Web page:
What I did on my Summer Holidays

It’s not often I get eight consecutive days without work. That’s like two Easter weekends back to back. At least, that’s how I thought of it during the hot, smoky days between Christmas Eve and New Years Day.

Given this is my journal I thought it might be pertinent to document what I did during these free days before the events were lost to time, office routine and the damaging effects of alcohol on the brain. To be honest, I had to use my photo gallery, step tracker, calorie counter, and Chrome history to compile this summary.

December 24th
After a nice gym session on the last day of work, I caught the train home to make pizza bases. While the dough rose Vanessa and I went food shopping, then cooked the lamb and chicken and made yiros pizzas.

image 1992 from bradism.com

Then, as the late sun set, we took Nash to the dog park where she tried to start shit with a pitbull.

December 25th
Started Christmas with a walk on the sand at Grange, followed by a cherry smoothie for breakfast. Went to Alex’s for lunch where Nash and Wilhelm played with an energy that belied the heat and lack of shade. After the BBQ was done we retreated inside to eat and play Code Names.
Then it was back to the beach for more sand walking and a swim at sunset.

December 26th
Fried some potato and bacon for brunch. Played basketball in the afternoon when the UV levels went down.

image 1993 from bradism.com

Then Vanessa and I took a stroll along the river.

image 1994 from bradism.com

December 27th
Got to the gym again, watched some cricket and then went to J’s where we played Coup, Seven Wonders and ate pizza.

December 28th
Ate waffle bowls for breakfast after a walk along the beach from Grange to Henley. Played the first and last game of Age of Empires 2 vs Sam (I won), then went to Alex’s to dogsit Willy. It was hot. I threw a lot of tennis balls.

image 1995 from bradism.com

December 29th
I finished listening to Empire on Audible. That was a good book. I returned home briefly to make Hawaiian pizza for lunch with Vanessa. Went to the gym, then returned to Willy to throw more tennis balls and watch the Strikers.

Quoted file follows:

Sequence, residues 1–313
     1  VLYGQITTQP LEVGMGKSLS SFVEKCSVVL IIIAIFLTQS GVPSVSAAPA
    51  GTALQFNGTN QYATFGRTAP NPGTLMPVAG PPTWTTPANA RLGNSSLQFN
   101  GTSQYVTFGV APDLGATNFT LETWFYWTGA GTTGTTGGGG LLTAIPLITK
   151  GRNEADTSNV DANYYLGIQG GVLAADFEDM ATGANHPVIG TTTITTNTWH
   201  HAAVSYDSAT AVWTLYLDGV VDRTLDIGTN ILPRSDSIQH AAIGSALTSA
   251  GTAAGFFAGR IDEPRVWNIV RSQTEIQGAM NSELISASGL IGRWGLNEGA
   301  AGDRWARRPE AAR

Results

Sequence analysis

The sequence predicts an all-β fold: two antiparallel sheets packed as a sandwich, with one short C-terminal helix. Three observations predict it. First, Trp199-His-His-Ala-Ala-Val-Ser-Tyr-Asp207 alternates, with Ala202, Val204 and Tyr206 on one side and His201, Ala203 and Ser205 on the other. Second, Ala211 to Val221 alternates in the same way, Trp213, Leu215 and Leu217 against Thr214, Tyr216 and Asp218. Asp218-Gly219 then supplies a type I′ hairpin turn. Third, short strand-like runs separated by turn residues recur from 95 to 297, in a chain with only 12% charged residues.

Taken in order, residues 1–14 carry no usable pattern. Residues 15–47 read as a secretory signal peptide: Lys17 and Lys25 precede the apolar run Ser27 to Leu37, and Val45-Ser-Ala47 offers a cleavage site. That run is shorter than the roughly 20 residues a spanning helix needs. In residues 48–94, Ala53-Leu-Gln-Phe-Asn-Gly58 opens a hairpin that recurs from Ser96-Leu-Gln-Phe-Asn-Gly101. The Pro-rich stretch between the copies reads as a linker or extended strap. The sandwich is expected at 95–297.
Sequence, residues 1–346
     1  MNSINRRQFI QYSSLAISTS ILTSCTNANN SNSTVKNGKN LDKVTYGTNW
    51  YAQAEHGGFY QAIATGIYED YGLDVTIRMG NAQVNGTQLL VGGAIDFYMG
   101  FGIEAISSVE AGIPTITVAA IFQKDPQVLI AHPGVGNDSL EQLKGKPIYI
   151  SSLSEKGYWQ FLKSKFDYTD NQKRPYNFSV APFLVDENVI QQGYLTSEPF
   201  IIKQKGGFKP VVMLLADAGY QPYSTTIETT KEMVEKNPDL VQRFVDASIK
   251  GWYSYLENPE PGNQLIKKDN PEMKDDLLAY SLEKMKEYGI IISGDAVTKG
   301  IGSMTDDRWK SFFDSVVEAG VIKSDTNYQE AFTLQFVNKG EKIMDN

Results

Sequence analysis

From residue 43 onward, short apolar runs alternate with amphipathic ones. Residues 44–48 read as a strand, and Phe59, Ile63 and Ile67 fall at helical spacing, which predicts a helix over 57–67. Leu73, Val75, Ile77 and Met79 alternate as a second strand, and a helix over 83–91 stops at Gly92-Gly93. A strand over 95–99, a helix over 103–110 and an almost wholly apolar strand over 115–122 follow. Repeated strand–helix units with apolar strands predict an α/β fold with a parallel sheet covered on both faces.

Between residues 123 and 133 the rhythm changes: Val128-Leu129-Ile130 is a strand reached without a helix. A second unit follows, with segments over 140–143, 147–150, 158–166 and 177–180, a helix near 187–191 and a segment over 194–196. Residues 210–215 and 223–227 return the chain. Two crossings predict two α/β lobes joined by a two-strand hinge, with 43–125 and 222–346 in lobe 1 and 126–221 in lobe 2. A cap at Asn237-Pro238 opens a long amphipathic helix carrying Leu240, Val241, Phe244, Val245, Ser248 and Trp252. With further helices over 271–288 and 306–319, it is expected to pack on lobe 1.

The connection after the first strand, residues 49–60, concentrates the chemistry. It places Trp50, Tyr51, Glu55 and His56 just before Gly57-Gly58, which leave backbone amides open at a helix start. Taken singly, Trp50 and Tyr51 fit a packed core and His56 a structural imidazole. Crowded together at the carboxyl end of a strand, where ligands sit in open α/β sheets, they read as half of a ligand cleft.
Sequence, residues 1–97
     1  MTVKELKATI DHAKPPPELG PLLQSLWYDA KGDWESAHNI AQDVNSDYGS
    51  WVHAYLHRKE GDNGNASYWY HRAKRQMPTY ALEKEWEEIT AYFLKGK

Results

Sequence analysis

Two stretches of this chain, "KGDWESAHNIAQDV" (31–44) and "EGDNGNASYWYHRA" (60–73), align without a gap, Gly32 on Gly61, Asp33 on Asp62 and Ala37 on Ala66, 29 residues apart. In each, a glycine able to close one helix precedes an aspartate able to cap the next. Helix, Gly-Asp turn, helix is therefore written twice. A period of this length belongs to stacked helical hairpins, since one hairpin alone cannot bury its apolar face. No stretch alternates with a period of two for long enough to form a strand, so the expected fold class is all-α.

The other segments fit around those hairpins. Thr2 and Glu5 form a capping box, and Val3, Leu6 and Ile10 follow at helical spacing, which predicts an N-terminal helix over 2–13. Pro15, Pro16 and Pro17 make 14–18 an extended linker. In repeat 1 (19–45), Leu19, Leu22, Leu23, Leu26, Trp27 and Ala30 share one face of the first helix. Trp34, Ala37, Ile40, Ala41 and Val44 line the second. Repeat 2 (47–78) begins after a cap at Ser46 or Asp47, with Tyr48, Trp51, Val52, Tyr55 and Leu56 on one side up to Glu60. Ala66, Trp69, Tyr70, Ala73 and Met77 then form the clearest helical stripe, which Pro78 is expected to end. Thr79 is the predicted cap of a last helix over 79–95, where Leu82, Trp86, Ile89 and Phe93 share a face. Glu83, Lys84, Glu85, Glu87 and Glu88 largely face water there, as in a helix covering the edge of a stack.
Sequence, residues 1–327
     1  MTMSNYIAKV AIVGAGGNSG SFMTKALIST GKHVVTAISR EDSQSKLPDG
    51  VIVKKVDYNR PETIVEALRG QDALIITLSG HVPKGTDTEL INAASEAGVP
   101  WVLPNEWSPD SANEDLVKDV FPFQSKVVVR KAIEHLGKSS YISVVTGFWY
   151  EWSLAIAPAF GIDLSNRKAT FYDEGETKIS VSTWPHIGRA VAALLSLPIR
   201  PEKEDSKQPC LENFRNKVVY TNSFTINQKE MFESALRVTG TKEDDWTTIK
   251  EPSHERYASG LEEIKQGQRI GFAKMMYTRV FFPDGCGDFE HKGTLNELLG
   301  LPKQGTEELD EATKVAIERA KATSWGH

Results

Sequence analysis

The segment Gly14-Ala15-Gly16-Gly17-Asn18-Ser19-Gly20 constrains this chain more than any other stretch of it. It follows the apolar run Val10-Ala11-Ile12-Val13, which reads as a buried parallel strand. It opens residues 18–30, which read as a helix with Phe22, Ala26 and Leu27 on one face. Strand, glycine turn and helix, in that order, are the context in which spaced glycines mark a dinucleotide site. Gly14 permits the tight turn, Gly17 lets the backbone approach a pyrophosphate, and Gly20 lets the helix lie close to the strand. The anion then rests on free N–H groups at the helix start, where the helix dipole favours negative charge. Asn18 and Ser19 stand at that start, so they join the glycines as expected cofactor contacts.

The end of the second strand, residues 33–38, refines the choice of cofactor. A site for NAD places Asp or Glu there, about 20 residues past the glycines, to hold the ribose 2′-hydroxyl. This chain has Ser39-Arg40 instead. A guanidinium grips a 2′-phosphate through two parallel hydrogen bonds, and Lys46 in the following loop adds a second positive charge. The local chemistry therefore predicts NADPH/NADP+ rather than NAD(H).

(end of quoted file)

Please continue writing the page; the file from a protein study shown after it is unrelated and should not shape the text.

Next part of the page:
December 30th
I can’t even remember. I should have prepared this entry progressively.

December 31st
Figured I should attempt my chores list, tried to do some plumbing then gave up immediately.
Went to Norwood for lunch and consumed a large beef schnitzel.
Went to the gym and tried to convert beef schnitzel energy into weight lifting progress.
Went to a New Year’s Eve games night and ate a lot more. Played Avalon and Kingdom Builders. I enjoyed both. Got home before midnight.

January 1st
Started the day with a hike and breakfast. Made pork in the slow cooker. Deployed the latest Bradism.com release, drank a beer, watched the sun set.

image 1996 from bradism.com

I would call it a win because, in hindsight, I ate a lot of food. Went to the gym. Saw family and friends. Played board games. Watched cricket. Drank nice beer. Went in the ocean twice. And I didn't go to work.

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If you met yourself from the future, what would you ask your future self?
What if they wont tell you anything?

Orbital Inclinations

Around about this time last hemisphere, when the summer solstice had just passed and the fireworks were popping, I was doing a lot of hiking, and eating yogurt and cereal for breakfast at waterfalls. I missed that.

With Adelaide's weather forecast for a max in the mid-twenties and zero flames, Vanessa as I decided an Australian PNW hike was the perfect start to the decade. I dug out my hiking boots and first thing this morning we did the Grand Falls loop at Morialta. The greenery was drier, the cars smaller, and the breakfast waterfall had no water in it, but it was a lovely experience that made me intensely nostalgic for the weeks of walking in winter-summer 2019, and a healthy way to kick off the decade.

image 1990 from bradism.com

I finished the day with the Australian version of the IPA.

image 1989 from bradism.com

2020 Revision